What to do When You Want to Serve Alcohol at a Business Function

April 1, 2007

There’s nothing like serving fine wine to add panache to an open house for that new upscale condo development you’re marketing. But make sure you’re doing it in a way that won’t create unnecessary legal liability for your brokerage.

That could happen not just if one of your guests overindulges but also if you fail to heed state or local laws that prohibit activities such as allowing an underage person to drink alcohol. To protect yourself when you or your associates host a business function at which alcohol is served:

  • Get to know your state and local liability laws. Start by conducting an Internet search for “social host” and “dram shop” laws in your state. State agencies that administer these laws vary. In Wisconsin, for example, the administering agency is the Alcohol and Tobacco Enforcement Division within the state Department of Revenue. In New York, the agency is the Division of Alcoholic Beverage Control in the New York State Liquor Authority.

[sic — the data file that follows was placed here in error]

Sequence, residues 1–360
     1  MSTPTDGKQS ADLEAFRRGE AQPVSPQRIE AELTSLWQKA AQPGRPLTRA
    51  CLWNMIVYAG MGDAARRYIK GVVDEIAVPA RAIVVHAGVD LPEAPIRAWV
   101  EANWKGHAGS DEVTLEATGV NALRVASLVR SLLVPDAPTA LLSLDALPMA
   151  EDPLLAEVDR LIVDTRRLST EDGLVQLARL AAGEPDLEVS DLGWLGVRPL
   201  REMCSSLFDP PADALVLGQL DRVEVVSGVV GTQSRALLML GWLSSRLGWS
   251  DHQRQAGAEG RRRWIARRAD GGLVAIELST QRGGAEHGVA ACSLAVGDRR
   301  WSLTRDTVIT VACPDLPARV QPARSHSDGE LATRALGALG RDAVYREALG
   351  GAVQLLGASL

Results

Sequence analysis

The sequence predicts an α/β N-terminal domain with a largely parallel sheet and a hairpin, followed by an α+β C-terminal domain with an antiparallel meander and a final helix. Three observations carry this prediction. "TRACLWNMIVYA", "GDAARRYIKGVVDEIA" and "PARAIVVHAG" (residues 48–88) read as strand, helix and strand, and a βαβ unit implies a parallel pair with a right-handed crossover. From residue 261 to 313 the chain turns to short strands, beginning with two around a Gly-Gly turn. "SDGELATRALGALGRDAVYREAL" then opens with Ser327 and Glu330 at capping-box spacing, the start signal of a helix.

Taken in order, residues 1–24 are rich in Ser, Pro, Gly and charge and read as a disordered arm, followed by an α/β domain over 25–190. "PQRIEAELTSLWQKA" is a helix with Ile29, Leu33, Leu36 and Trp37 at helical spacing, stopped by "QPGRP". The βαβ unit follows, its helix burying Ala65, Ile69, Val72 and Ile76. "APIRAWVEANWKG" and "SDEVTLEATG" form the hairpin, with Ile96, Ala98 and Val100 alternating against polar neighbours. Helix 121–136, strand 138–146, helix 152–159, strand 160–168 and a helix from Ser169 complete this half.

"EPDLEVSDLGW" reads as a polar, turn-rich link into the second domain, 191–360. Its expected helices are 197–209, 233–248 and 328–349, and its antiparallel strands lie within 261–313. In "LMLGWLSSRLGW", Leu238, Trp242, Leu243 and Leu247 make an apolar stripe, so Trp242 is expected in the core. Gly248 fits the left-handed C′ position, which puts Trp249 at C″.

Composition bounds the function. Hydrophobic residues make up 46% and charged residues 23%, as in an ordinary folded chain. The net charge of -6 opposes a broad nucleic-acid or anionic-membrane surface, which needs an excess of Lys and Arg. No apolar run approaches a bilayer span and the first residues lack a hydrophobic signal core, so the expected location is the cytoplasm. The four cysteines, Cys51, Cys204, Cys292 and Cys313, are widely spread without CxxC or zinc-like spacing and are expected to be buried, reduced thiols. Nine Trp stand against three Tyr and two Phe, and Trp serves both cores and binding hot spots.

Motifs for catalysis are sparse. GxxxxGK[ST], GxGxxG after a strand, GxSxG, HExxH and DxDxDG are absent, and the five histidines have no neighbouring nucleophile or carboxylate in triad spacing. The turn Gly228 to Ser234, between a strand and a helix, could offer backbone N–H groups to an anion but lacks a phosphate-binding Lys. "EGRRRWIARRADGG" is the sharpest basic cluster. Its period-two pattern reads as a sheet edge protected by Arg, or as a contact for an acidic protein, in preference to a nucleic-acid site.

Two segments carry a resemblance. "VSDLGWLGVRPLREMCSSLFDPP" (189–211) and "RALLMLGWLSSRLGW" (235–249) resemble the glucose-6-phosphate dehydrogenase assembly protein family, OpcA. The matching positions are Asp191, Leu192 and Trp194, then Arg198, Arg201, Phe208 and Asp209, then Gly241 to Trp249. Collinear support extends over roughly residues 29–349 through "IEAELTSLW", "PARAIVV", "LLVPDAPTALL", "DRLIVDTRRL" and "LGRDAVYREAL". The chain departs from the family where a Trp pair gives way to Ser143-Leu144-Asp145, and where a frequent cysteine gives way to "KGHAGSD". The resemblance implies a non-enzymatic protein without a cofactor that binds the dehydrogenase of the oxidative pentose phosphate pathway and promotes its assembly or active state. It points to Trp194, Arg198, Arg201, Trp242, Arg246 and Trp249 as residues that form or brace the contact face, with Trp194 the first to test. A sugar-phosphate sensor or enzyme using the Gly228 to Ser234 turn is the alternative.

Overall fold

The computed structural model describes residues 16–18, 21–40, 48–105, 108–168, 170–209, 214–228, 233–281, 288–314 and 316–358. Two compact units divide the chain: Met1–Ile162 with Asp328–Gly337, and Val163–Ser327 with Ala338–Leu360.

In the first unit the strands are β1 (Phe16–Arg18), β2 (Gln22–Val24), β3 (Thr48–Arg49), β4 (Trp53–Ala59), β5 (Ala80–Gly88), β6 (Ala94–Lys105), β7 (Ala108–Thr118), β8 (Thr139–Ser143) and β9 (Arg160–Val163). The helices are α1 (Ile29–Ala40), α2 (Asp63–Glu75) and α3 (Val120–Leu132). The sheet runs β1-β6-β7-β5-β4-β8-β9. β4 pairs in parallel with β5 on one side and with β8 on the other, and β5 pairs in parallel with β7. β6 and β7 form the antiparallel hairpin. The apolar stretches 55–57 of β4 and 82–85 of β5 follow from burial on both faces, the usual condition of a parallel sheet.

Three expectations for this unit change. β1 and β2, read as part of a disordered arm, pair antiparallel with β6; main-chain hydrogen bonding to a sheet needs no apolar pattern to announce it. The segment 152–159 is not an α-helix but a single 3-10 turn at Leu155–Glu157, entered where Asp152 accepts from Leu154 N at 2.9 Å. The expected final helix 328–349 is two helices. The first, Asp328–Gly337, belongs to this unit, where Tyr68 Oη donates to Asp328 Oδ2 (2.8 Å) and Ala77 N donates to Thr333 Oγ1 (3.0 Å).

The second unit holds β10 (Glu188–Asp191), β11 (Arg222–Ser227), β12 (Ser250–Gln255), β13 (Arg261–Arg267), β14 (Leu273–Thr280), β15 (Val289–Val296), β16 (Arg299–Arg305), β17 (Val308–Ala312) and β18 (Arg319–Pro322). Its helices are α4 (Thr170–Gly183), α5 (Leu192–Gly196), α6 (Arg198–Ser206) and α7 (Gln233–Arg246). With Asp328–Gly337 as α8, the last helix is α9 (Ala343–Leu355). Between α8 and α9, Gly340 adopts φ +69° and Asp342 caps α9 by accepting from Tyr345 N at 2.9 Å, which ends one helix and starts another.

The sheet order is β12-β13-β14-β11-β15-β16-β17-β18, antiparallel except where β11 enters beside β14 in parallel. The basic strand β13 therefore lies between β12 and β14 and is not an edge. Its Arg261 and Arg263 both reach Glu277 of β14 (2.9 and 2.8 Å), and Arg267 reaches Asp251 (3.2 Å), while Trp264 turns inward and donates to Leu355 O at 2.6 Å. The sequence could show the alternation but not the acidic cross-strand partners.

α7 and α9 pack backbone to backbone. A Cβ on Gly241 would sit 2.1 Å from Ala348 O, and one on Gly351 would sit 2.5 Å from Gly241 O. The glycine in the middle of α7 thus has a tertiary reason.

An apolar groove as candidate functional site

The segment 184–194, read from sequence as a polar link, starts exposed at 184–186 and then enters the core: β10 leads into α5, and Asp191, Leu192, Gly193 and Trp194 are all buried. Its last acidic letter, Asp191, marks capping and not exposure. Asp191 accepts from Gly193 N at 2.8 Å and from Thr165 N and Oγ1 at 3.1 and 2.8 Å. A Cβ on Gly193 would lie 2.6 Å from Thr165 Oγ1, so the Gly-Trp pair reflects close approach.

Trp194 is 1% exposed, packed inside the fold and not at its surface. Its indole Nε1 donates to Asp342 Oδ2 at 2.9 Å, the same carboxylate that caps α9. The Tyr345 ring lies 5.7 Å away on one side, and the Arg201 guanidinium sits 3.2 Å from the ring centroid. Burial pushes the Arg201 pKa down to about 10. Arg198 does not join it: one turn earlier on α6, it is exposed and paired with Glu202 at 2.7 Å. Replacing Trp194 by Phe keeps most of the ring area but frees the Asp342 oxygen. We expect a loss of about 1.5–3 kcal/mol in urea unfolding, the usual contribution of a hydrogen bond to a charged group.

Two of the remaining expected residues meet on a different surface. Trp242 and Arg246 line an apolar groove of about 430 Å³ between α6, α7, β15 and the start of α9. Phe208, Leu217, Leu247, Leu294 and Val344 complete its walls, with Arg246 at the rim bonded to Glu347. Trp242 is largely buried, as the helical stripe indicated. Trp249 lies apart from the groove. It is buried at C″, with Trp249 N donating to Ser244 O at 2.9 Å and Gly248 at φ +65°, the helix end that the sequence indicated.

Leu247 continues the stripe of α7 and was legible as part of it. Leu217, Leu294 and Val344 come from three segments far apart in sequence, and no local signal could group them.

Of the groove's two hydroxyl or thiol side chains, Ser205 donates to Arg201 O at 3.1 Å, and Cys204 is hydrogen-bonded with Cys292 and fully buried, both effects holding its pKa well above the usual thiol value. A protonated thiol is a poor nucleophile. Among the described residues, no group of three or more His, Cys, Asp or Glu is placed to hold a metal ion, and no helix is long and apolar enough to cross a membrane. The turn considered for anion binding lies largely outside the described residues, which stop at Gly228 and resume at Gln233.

• Review your liability insurance policy to determine if serving alcohol is covered. It’s usually not. If it isn’t, consider purchasing a liquor liability rider from your insurance provider.

Once you’ve checked your laws and your policy, structure your event with common sense safeguards:

  1. Keep a server between the alcohol and the guests. If you work with a caterer, it should provide the servers. Don’t let your employees serve the drinks; they’re not trained to spot fake IDs and can’t be expected to accurately evaluate your guests’ level of intoxication.
  2. Make sure the agreement you enter into with the caterer indemnifies your company for liability arising out of the service of alcohol. The caterer’s insurance should cover that.
  3. Limit drinks. Offer no more than two free drinks. Above that, have guests pay at a cash bar. Don’t have a self-serve bar.
  4. Limit the time period for serving. Consider stopping service an hour before the event ends.
  5. Don’t make a last call announcement; it can encourage hasty consumption.
  6. Include nonalcoholic alternatives.
  7. Let attendees who drove know of available alternative transportation (taxis, buses).

There’s no reason you and your guests can’t have a pleasant time at your event if it’s structured with these few simple precautions in mind.

Jones is a former staff attorney for the NATIONAL ASSOCIATION OF REALTORS®.